Canada Got A Little Help From A Loonie

The Canadian dollar might not be worth a whole lot in the United States, but it proved to be worth gold in Salt Lake City.

Following Canada's gold medal victories in both men's and women's hockey at the 2002 Winter Olympics, it was revealed that a Canadian dollar coin, affectionately known as the Loonie, had been secretly placed at center ice by the Canadian ice making crew for good luck.

"The people who made the ice here [at the E Center] are from Canada and before the tournament they buried a loonie under the ice," announced Canadian general manager Wayne Gretzky who was given the coin by ice technician Dan Craig of Edmonton.

"We dug it out after the game and we're going to present it to the Hockey Hall of Fame. We got two medals out of it, so it's pretty special."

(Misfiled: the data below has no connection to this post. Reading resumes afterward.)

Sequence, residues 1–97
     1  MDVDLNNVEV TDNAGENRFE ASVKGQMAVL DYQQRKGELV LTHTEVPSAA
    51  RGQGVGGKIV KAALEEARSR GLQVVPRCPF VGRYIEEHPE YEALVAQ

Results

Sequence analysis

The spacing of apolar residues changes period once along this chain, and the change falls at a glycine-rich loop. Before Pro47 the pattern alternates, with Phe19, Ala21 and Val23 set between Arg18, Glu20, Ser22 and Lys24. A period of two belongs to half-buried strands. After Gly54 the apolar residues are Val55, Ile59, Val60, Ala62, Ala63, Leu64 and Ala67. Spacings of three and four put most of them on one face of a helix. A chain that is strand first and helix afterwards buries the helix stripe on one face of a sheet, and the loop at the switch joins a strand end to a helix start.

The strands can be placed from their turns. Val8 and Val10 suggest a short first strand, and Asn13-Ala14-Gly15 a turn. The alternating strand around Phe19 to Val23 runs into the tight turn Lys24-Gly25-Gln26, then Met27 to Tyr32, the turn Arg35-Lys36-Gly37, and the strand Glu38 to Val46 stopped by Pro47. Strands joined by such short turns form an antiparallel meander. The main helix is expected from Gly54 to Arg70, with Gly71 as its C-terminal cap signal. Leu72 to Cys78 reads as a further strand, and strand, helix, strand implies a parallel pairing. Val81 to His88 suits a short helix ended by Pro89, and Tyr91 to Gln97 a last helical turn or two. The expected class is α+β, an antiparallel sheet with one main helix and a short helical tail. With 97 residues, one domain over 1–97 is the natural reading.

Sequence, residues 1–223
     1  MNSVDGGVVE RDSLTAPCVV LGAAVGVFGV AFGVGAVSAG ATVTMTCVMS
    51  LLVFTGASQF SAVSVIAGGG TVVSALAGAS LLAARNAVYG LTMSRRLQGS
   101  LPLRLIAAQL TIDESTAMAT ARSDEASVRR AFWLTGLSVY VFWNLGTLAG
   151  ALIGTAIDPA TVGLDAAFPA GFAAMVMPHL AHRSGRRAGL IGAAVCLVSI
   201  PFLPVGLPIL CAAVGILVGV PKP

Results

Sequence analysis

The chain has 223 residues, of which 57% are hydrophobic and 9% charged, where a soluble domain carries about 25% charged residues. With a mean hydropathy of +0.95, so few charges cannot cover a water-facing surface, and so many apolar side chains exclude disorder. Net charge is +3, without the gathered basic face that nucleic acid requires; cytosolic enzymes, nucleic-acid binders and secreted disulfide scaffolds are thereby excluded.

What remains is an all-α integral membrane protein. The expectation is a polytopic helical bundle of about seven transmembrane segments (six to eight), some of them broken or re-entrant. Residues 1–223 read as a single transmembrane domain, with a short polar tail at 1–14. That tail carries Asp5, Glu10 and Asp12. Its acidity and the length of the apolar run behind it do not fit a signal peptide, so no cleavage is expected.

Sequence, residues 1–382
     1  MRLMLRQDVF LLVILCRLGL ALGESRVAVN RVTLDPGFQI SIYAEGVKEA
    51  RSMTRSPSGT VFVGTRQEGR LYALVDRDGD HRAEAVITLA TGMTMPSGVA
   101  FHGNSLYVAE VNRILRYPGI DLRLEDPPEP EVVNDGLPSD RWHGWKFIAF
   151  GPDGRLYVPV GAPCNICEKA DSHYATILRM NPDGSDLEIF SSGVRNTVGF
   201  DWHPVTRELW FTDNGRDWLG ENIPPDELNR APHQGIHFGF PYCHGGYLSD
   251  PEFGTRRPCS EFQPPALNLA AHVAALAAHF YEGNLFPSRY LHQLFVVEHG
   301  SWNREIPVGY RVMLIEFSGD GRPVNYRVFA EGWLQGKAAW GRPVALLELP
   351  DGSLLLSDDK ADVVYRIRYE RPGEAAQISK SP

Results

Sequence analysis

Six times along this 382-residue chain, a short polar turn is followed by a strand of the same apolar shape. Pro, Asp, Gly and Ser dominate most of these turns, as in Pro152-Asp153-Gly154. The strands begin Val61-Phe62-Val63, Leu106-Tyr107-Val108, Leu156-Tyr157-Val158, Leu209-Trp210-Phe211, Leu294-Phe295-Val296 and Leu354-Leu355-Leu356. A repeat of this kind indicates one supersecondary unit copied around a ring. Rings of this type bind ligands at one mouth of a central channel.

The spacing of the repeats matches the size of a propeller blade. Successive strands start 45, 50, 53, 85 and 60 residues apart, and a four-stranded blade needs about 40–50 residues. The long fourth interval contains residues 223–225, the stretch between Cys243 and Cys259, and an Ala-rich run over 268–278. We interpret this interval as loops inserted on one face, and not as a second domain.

Craig, who works for the SkyReach Centre, home of the NHL's Edmonton Oilers, is known for having one of the best ice surfaces in the NHL, and Craig's crew was brought on board to ensure the large, Olympic-sized ice was up to the highest standards for the tourney.

coverThey placed the loonie deep at center ice, spurring several players from the Canadian women's team to get on their hands and knees to look at the good luck charm following their gold medal win.

"I hope they don't get fired," joked Gretzky.

The legendary story sparked a recent book: A Loonie for Luck by great Canadian writer Roy MacGregor